Tonawanda News — Erie County Health Commissioner Dr. Gale Burstein on Monday encouraged residents to prepare for the upcoming flu by getting early vaccinations — a practice she said was the single best way for protection against the disease.
“While the summer season is just drawing to a close, it is important to remember that colder weather and the flu season are on the way, and the time to act to protect ourselves is now,” she said. “Flu viruses are constantly changing, and it is not unusual for new viruses to appear each year. Vaccines are formulated to keep up with these changes from year to year, so even if someone was vaccinated last season, they should be sure to get another vaccination this season.”
Burstein said two types of vaccines are available, including the traditional flu inoculations as well as the nasal spray flu vaccine, available depending on one’s age. The flu shot is given with a needle, usually in the arm, she added, and is approved for use in individuals older than six months that encompasses healthy people and people with chronic medical conditions.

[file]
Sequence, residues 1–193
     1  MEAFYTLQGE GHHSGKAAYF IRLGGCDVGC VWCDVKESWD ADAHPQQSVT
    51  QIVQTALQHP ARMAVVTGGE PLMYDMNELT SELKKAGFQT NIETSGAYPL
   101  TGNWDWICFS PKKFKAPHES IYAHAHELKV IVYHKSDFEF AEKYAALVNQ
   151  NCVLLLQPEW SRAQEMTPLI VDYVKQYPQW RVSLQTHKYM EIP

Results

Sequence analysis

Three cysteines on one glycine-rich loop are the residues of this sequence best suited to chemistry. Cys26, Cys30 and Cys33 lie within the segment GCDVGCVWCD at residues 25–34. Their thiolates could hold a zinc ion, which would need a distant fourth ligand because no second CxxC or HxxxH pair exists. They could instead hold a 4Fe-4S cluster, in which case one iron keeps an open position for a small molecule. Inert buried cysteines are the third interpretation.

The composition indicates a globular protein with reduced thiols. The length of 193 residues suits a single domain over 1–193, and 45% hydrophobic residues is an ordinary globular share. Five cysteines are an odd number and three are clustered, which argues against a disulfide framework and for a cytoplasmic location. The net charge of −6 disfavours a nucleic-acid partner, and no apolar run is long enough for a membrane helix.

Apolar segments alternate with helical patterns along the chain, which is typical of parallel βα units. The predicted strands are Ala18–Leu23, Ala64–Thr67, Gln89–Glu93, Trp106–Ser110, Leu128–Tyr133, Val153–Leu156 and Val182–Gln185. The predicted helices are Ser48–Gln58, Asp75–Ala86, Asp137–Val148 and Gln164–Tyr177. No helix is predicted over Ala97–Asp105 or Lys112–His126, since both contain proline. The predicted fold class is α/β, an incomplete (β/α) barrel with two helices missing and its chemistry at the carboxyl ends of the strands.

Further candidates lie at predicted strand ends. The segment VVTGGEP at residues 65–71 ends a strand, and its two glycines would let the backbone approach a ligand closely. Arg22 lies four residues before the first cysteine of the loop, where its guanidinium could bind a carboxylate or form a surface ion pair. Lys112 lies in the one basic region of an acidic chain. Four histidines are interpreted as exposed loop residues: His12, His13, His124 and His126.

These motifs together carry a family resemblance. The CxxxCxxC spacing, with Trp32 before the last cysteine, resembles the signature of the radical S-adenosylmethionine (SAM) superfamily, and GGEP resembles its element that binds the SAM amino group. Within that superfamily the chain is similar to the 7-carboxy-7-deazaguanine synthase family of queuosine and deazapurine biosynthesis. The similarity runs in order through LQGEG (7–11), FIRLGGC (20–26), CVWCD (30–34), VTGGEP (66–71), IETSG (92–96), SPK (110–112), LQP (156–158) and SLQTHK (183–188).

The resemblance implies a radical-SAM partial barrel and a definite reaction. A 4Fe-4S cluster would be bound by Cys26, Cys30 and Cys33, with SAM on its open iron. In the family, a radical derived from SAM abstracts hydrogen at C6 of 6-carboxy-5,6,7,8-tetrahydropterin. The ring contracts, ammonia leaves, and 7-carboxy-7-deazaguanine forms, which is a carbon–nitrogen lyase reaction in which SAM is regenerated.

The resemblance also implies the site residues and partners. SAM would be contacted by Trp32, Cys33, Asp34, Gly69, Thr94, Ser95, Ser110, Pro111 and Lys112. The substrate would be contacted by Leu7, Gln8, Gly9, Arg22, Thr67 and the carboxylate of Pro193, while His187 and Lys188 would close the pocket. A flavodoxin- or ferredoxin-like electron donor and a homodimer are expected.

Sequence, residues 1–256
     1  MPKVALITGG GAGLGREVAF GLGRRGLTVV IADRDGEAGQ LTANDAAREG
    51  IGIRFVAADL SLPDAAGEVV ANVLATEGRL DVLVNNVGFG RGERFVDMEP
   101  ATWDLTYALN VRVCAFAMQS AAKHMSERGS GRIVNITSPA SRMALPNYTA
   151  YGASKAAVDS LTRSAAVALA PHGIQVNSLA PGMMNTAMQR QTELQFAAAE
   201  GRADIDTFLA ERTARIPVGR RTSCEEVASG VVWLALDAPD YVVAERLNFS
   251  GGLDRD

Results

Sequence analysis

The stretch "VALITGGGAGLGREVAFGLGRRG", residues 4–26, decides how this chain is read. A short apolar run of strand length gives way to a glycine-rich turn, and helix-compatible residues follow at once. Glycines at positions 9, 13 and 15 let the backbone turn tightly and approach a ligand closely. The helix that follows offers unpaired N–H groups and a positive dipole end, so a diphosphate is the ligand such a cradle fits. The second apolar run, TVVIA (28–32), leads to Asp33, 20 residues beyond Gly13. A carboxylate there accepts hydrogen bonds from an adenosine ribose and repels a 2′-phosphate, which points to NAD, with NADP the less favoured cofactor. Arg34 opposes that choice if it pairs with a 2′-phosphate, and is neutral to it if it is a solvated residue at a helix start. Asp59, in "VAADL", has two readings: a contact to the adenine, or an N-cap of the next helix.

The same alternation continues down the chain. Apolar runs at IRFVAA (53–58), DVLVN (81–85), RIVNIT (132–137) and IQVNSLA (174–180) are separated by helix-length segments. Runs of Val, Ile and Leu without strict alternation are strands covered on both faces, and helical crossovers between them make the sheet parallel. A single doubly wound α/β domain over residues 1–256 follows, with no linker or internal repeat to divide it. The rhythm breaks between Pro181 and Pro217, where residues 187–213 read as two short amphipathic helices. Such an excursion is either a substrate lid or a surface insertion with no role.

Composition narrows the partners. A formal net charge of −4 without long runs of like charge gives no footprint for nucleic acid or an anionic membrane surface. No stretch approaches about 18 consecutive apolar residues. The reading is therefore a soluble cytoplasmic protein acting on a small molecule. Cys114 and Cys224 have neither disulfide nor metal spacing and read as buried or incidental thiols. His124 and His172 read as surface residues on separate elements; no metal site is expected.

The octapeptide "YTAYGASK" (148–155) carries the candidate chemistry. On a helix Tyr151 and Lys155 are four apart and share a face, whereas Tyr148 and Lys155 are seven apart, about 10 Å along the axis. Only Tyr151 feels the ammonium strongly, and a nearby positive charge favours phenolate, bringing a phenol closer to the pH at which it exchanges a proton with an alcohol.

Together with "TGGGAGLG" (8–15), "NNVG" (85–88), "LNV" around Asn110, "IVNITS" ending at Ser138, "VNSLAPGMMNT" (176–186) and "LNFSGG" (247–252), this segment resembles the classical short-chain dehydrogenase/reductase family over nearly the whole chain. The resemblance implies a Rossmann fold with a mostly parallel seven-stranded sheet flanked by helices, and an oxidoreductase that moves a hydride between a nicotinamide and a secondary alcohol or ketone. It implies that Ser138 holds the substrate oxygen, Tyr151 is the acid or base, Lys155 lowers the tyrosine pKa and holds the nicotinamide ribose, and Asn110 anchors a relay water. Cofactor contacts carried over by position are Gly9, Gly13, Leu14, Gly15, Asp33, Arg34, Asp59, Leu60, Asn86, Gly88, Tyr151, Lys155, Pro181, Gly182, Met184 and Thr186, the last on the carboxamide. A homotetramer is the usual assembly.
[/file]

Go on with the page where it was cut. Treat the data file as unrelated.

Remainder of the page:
She noted that influenza is a serious disease that can lead to hospitalization and sometimes even death with the potential for the condition to spread as early as October and as late as May.
When more people are vaccinated, less flu will spread through a community, Burstein noted.
“Everyone who is at least six months of age should get a flu vaccination this season, and it is especially important for certain people to get vaccinated, including pregnant women, people age 65 and over, young children, especially those 2 years and younger,” she said. “There is no reason to wait to protect ourselves and our families, and if more people act now there will be less flu circulating in our community in the coming months.”